The idea behind NORMAL was to not only pay homage to the genre of horror – from some of its cult tropes, to taking it in extreme spaces – but do it while holding on to an inherently Indian, desi, voice.
As I read this book, I was shaken; recognising myself in characters/people I didn’t particularly like and realising things about my own securely held beliefs is not a comfortable feeling (albeit a necessary one). It encouraged me, gently but firmly, to step out outside my worldview to digest what it means to serve your country.
The book, only available in South Asia currently has been garnering attention for its view of Afgan society. Nemat sits down with Gaysi to discuss his debut book, queer narratives from Afghanistan and how literature has a role to transform how politics of the marginalised continue to be viewed.
Less is an episodic and satirical picaresque tale about an almost-fifty gay author who concludes that the best way to avoid lovelorn misery is a literature and food-fueled trip around the world.
Is The Carpet Weaver a stirring coming-of-age story? Is it a heartrending account of queer love? Is it a sobering political drama? Or is it a condemnation of war? The mystery laid out in the cover page of the book will help you to seamlessly sail through its three-hundred odd pages!
The premise of the book explores the very basics of homosexuality and what it means in the Indian contexts. It captures not nuanced sociological theories but instead the religious and indigenous understanding and hostility towards it.
A simple book, with vibrant illustrations, the colours taking you through the many emotions that Guthli, a child, like any child with hopes, has!
I am here to tell you, yes you the ardent Agatha devourer, why this stunningly plotted mystery has to be your next read.
'The Song of Achilles' is a book based on the mythology, and supposed relationship of Achilles, a half-god who was destined to be the best warrior of his generation, and Patroclus, an awkward, prince disliked by his father, who is exiled to live in Achilles' kingdom, along with several other exiled princes.
If you’re looking for a glossy, fairytale story about your Pinterest vacations, you’re looking at the wrong book. The Travel Gods… is unrelenting in its desire to paint the real picture: getting conned into making unnecessary purchases in Aswan?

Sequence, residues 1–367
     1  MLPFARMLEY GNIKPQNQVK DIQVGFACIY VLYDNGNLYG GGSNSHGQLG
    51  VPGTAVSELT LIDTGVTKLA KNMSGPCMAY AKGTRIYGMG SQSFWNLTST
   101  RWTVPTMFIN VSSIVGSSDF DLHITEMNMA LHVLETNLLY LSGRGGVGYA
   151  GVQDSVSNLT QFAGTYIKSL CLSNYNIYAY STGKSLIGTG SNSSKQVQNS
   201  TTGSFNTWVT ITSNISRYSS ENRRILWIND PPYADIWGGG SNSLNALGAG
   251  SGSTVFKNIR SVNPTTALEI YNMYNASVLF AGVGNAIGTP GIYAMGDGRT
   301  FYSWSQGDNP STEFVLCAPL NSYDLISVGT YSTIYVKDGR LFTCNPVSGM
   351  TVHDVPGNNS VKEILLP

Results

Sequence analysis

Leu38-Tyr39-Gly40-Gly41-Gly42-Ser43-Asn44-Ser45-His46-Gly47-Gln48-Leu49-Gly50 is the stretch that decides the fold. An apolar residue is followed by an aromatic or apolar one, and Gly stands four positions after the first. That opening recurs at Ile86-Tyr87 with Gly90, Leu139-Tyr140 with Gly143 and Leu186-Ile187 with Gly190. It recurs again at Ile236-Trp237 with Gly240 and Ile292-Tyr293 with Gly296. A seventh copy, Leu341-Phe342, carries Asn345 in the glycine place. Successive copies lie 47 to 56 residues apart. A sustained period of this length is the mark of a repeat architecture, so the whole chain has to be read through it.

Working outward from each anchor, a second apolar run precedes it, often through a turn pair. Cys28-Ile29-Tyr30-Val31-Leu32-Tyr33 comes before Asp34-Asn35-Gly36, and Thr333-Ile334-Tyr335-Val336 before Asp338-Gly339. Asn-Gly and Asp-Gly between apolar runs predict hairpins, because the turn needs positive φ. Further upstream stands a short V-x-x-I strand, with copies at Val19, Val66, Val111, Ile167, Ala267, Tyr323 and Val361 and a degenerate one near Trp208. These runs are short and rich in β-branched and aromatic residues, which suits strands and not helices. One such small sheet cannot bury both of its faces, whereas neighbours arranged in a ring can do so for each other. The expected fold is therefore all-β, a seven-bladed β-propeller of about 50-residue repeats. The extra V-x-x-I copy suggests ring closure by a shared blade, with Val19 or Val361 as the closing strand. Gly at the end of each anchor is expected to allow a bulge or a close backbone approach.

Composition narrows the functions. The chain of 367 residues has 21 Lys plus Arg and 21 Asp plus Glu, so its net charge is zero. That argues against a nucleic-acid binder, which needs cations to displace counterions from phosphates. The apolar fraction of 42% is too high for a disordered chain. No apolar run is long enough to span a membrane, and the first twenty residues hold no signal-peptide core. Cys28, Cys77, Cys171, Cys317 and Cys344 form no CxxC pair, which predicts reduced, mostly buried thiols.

The Bystander anthology is a part of an effort to create an anthology that is quintessentially Indian. The crowd-funded project is the child of a team of six editors and 47 contributors — artists, designers, illustrators, writers, filmmakers, animators.
From the deep, deep world of fandom and AUs, gay couples made their rounds as the side story of many YA books and Wattpad fiction I devoured as I grew up.
The thing that I liked the most about the book from the very beginning was how naturally it flows and how real the characters are.
Manobi, like most trans persons, has lived through her share of ordeals to emerge resilient. Furthermore, she has formidable credentials, with a PhD in Bengali Literature and authorship to multiple other books, magazines, and hundreds of newspaper articles.
Located not so long ago in the 20th Century, the story goes like this - a young boy finds lust and love in the company of a classmate at the ashram where he holes up with a brood of other boys and manly monks.
Spend an evening interacting with zines on LGBTQI narratives and by Queer folks, some like-minded people, and a few drinks – all mixed in with a unique twist.
This first step into this world, into his community, was filled with uncertainly, confusion, and fear. It is for most people. Going into something and not knowing what one is going to find there is certainly one of the most vulnerable positions to put oneself in.
We believe this campaign will help change minds in Bangladesh by promoting a level of understanding and awareness of our community, which in Bangladesh currently, is desperately missing.
The book is slim at just under 96 pages but impressively well-rounded, reading as diary writings with intimate reflections on Shraya’s complicated relationship with men, or rather masculinity.
Saikat Majumdar, author of The Scent of God talks to Gaysi Family about the need for more stories that are set in spaces that complicate the many identities we are all born with.